NPD Group sales figures for 2011 were released earlier this week, which didn't include digital sales or other online services.
Presuming digital sales in 2011 of somewhere between AUD$250 million and AUD$400 million, the total figure does end up being more robust than 2010's AUD$1.7 billion sales total, however this figure too gets a bump from the unaccounted for digital sales (albeit a smaller bump), so no matter which way you cut it there has been a slight contraction year-on-year.
Sam Yip, Senior Research Manager at Telsyte, said: "Online gaming subscriptions and in-game virtual goods sales are growing strongly in Australia, and will account for around 20% of the overall digital goods and online subscriptions market (which consists of 26 categories such as Internet video, Internet music and digital news subscriptions) in 2012."
Antony Reed, CEO of the GDAA, added: "Global consumer confidence in the digital space is encouragingexceptional growth in the Australian game development industry. In 2011, Australian made games featured highly across multiple digital platforms."
"For example, Brisbane’s Halfbrick Studios recorded over 120 million downloads of their smash-hit, Fruit Ninja, and 11 million for the recently released, Jetpack Joyride, and Melbourne-based Iron Monkey Studios won Apple’s coveted ‘Game of the Year’ award with Dead Space."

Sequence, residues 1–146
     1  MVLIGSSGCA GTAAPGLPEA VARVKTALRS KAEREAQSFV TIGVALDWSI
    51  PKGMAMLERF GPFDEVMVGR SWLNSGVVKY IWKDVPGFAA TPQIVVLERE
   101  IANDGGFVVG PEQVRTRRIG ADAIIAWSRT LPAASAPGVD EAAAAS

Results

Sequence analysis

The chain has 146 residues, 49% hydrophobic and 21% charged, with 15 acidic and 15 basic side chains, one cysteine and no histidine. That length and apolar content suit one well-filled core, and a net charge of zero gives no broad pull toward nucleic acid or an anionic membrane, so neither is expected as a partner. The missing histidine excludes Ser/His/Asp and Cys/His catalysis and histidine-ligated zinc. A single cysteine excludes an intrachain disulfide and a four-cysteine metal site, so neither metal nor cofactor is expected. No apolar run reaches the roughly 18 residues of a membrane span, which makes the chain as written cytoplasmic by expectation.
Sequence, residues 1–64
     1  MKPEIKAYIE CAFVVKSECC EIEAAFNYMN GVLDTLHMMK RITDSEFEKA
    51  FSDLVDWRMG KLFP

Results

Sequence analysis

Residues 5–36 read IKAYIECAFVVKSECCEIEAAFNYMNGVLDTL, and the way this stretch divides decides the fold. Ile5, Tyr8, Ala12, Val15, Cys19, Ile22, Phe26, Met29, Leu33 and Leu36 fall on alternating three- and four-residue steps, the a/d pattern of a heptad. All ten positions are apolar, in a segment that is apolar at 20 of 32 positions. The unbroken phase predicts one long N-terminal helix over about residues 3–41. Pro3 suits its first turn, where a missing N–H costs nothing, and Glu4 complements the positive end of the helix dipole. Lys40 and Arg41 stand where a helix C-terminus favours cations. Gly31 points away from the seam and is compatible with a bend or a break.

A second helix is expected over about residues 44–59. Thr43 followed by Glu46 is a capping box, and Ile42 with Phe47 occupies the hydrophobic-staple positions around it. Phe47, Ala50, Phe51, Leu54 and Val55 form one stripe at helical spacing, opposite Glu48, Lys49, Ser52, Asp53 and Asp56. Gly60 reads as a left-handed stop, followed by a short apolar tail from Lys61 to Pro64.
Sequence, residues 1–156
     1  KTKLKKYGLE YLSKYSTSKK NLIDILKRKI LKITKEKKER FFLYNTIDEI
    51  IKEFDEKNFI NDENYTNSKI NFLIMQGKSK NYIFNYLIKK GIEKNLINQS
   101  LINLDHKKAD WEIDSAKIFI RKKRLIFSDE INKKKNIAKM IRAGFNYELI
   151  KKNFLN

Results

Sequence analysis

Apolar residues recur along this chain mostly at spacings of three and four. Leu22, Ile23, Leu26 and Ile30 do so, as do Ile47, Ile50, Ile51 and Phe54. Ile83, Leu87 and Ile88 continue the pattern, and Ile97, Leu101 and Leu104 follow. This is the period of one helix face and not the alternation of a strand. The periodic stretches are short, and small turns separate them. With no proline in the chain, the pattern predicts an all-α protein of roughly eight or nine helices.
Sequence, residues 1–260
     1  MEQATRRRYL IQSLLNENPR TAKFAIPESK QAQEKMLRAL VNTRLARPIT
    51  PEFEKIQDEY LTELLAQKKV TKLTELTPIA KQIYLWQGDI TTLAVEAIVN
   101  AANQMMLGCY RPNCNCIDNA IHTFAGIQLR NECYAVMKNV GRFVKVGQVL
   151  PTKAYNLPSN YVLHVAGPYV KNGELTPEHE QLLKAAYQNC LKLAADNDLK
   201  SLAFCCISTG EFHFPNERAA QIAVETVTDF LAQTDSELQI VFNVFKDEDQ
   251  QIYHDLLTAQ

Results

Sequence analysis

"Into 2012 we will see many more innovative and creative properties made by Australian studios releasing to a global audience."
The PwC Media Outlook 2011-2015 report suggested that Australia can buoy itself to Asia more generally to withstand the recession, and the local market has been reacting. At Game Connect Asia-Pacific (GCAP) last year, a talk was given about how to bring mobile games into the minefield that is the Chinese market, meanwhile Halfbrick CEO Shainiel Deo is slated to speak at Product Design 2012 next week on how to internationalise local success.
The PwC report also predicted either flat sales in 2011 or a slight decline, and had already factored that into its longer view that Australia's videogame market would reach AUD$2.5 billion by 2015.
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